The buzz is back.
That, by and large, was the initial impression among opening day attendees at FMCA’s 97th International Convention and RV Expo as a sea of more than 2,700 motorhomes and 6,000 attendees descended on the Georgia National Fairgrounds & Agricenter in Perry, Ga.
In many respects, the Thursday-through-Sunday (Mar. 15-18) rally was reminiscent of the Cincinnati-based organization’s heyday here at one of its favorite national rally sites near I-75 outside of Atlanta.
Macon television affiliate WMAZ was calling the club’s semi-annual get-together an “RV show on steroids.” And in many respects the newscasters didn’t appear to be far off the mark with members of FMCA — known for more than 50 years as the Family Motor Coach Association and now going simply by the acronym FMCA – parking their coaches around the expansive grounds surrounding the fairgrounds where they’re participating in seminars, games, entertainment, social events and reviewing displays hosted by manufacturers and suppliers.
Aside from the resurgent crowds that harken back to the prerecession days when FMCA and other clubs were a more dominant factor in the RV consumer arena — a time when FMCA drew a record 6,600 to one of its convention — probably the biggest news in FMCA’s return to Perry this week is its inclusion for the first time of towable RV owners. A relatively small number were on hand for the opening day following a late 2017 vote by the club’s membership to invite them in as full-fledged members.
How that all goes over the long haul — whether owners of travel trailers and fifth-wheels will fully embrace the motorhome-centric club, and vice versa — remains to be seen.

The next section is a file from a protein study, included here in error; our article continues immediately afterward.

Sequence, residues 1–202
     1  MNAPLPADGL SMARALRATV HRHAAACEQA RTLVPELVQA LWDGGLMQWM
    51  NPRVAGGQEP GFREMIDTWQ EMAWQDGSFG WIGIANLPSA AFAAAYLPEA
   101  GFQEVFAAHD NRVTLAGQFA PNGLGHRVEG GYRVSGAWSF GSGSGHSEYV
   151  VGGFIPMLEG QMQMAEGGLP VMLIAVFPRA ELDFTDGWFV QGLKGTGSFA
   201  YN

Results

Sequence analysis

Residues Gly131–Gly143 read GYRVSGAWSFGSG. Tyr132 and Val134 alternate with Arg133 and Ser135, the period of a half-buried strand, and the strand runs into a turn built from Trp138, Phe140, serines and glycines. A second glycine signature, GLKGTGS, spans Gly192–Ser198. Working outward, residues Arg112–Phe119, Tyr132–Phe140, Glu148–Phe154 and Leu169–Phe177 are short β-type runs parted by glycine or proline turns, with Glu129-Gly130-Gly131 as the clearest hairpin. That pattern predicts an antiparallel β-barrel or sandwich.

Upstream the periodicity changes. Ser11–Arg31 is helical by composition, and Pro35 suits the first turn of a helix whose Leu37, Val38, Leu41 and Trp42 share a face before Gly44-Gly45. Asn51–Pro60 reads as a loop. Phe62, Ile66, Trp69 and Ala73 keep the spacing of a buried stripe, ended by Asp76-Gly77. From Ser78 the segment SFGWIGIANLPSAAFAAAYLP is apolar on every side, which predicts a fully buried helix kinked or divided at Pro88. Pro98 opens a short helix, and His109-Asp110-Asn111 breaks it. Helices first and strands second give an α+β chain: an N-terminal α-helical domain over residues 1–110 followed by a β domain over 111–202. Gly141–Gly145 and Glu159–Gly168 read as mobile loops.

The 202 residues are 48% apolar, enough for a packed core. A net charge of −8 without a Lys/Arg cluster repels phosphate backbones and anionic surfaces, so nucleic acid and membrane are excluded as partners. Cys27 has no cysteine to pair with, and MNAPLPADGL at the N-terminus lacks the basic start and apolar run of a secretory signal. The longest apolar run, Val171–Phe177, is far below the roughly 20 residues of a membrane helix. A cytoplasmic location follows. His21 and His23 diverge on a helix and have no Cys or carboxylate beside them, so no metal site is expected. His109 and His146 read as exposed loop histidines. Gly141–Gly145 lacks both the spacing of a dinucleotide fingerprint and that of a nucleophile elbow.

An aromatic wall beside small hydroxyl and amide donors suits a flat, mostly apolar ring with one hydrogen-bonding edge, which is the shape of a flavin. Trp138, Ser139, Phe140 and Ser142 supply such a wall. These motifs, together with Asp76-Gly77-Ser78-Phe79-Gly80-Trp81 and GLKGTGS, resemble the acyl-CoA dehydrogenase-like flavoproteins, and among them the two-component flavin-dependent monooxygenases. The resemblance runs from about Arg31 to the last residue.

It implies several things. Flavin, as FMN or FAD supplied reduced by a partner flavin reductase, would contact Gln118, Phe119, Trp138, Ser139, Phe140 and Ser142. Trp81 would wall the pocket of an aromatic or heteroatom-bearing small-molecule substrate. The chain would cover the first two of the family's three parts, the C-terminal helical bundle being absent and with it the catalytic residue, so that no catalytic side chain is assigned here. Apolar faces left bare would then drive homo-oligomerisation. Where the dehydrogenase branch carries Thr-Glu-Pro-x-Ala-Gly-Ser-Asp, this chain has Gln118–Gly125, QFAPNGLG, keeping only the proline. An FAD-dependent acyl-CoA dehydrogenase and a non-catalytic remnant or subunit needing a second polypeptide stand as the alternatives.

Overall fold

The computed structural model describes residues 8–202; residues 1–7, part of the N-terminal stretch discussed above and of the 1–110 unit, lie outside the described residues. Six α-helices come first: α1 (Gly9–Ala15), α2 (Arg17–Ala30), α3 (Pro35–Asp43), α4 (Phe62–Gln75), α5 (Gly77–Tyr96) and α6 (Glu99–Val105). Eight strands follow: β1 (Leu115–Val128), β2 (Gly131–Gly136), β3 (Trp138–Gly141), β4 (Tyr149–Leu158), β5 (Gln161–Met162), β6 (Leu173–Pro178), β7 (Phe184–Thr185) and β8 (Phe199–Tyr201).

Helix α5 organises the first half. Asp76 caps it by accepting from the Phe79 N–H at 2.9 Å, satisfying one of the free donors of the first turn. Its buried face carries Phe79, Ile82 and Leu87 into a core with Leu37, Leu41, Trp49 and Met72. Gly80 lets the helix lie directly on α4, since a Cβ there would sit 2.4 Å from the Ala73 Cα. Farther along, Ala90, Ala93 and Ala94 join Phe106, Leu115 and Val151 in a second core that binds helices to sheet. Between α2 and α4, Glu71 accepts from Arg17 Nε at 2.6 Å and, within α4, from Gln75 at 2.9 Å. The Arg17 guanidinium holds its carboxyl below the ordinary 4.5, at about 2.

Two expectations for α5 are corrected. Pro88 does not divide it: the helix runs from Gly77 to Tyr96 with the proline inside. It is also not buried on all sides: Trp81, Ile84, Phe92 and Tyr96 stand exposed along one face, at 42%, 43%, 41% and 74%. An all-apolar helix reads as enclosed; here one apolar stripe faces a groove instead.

Indeed, some of FMCA’s members strolling through the aisles Thursday of the OEM exhibits clearly still have “mixed emotions.”
“Well, it definitely helps the FMCA because they needed more participation and it was slowly kind of dying out,” said FMCA member and motorhome owner Ruben Rivera, a retired engineer from Clermont, Fla. “However, it was originated as a Class A (motorhome) endeavor, so I kind of have mixed emotions about that. You know, I’m happy that the organization will be able to continue on because of the folks coming in. But, nevertheless, it does kind of dilute the original intent of the Class A (motorhome) family.”
Rivera’s friend, Gary Nicholson, a retired federal employee from Arcadia, Fla., offered a different view. “No, I have no issues with it,” said Nicholson. “I do agree that it does help keep FMCA large enough to be able to provide the kind of programs and benefits that it provides including reasonable discounts and really nice rallies like this. And that’s what it’s all about – to be able to enjoy yourself and enjoy your friends. So, I’m fine with it. I have no problems, no issues with it.”